Progressive Supranuclear Palsy
Eric R Eggenberger, DO
Robert A Hauser, MD
Francisco Talavera, PharmD, PhD
Stephen Berman, MD, PhD
Progressive Supranuclear Palsy Overview
Progressive supranuclear palsy (PSP) is a rare degenerative disease of the brain. The disease impairs movements and balance. Many people with PSP also experience changes in mood, behavior, and personality. A decline in cognitive mental processes, such as thinking, memory, attention, and speech, is not uncommon. When these mental changes are severe enough to interfere with everyday activities, they are called dementia.
The name progressive supranuclear palsy seems like a mouthful, but it accurately describes the disease. PSP is progressive, meaning that it gets worse over time. The disease affects the part of the brain above the nuclei (“supranuclear”), which are pea-sized structures in the part of the nervous system that controls eye movements. Palsy means weakness, and it is this characteristic weakness in eye movements for which the disease is named. PSP is sometimes called Steele-Richardson-Olszewski syndrome, after the 3 scientists who first described it in 1963.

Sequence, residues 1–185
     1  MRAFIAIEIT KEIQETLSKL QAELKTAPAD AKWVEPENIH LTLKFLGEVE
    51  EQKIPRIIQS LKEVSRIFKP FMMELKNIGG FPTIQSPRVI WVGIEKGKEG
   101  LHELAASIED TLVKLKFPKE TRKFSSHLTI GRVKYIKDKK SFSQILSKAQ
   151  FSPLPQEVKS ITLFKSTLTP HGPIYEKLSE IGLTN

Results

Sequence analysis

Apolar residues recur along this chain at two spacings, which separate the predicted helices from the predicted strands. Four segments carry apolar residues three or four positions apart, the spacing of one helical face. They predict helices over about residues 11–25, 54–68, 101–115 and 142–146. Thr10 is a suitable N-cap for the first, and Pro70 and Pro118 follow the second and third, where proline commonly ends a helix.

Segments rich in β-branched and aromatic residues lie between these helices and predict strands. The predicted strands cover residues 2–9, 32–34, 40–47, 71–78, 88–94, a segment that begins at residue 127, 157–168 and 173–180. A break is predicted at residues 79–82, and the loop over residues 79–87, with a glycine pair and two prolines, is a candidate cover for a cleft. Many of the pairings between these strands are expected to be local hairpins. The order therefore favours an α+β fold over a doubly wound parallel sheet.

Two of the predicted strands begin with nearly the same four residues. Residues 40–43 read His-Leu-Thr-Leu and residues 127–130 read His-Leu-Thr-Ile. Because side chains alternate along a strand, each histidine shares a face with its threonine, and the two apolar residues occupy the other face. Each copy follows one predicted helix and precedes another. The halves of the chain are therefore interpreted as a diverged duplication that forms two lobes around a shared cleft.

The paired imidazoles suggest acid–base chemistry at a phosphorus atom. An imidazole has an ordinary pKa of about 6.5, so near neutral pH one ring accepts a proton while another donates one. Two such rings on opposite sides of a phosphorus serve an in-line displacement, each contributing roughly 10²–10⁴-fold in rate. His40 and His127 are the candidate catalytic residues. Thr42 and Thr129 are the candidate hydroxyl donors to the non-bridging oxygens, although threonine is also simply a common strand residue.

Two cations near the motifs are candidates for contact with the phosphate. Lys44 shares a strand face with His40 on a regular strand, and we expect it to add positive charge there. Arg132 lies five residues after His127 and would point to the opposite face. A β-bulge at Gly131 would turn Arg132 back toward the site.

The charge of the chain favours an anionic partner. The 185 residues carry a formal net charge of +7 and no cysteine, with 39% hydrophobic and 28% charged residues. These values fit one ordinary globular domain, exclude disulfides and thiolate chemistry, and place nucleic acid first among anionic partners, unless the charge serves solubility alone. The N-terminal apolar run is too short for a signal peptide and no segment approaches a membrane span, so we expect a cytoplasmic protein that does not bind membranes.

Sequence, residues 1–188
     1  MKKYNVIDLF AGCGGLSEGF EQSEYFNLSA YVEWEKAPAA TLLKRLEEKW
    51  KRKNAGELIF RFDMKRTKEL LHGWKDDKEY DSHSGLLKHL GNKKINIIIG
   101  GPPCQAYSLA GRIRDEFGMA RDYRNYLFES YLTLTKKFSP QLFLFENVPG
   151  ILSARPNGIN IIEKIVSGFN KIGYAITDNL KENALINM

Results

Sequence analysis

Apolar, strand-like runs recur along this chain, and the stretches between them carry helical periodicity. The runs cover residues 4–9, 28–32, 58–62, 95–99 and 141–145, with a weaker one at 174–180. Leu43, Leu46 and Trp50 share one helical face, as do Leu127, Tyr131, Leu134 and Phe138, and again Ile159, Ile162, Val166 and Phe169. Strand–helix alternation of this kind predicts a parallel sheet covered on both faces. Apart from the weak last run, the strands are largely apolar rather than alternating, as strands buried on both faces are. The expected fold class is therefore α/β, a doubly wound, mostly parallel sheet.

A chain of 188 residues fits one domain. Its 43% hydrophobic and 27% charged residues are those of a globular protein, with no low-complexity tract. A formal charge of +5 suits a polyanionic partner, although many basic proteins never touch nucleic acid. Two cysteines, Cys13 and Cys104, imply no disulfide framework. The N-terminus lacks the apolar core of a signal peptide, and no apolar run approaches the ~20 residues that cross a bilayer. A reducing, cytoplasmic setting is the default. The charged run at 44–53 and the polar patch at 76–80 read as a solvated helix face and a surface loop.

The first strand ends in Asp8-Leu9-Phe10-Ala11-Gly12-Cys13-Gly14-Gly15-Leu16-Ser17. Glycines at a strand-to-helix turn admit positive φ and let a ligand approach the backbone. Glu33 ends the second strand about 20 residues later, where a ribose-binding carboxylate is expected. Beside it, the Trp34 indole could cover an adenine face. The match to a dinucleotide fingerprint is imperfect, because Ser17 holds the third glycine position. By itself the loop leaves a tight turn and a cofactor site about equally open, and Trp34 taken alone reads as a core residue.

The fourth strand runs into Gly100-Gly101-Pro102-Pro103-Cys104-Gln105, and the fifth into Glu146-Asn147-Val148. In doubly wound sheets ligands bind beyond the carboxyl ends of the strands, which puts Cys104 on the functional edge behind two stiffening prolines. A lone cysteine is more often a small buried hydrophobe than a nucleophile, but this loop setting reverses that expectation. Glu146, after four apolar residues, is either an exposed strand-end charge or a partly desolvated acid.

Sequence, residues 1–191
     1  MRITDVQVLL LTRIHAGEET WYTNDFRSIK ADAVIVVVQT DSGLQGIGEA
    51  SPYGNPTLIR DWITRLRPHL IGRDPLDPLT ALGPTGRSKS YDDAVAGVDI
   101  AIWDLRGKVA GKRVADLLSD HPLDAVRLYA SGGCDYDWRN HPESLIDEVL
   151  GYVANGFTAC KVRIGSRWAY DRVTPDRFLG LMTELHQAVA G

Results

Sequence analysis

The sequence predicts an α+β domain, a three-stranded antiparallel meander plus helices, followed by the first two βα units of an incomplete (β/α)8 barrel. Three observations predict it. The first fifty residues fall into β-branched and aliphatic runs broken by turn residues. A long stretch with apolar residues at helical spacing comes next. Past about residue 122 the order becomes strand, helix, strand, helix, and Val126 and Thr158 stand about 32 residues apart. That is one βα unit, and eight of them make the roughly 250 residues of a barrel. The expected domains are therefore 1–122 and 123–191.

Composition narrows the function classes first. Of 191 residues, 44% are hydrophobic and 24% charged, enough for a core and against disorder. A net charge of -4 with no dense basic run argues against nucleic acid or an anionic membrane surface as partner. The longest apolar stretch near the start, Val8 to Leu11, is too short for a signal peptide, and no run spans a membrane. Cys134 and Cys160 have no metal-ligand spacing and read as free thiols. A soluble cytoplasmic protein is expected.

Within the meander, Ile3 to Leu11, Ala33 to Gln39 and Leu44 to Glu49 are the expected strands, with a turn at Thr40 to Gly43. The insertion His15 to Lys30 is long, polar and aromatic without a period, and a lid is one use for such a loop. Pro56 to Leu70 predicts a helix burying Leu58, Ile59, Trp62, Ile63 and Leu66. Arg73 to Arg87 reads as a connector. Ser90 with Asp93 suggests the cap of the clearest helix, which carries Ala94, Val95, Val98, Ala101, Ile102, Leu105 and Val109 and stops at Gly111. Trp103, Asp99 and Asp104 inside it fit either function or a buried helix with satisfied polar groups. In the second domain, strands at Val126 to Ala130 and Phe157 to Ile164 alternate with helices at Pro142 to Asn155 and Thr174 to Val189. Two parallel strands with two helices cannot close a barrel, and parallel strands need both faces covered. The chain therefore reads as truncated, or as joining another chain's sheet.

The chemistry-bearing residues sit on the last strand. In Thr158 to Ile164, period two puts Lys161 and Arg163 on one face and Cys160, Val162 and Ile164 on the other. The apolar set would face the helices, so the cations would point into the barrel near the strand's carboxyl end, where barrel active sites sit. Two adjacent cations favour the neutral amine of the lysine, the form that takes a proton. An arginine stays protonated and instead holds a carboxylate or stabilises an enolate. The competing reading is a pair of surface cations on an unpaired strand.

About 20,000 people in the United States have PSP. The disease usually develops in people aged 60 years or older. Symptoms typically become noticeable in the early 60s, although the disease sometimes affects people in their 40s or 50s. PSP is slightly more common in men than in women.
Because PSP mainly affects older people and has somewhat similar symptoms, it is often mistaken for Parkinson disease, a much more common movement disorder. The distinction is important, because treatments that help many people with Parkinson disease do not help those with PSP. Unfortunately, we do not yet have an effective treatment for PSP.
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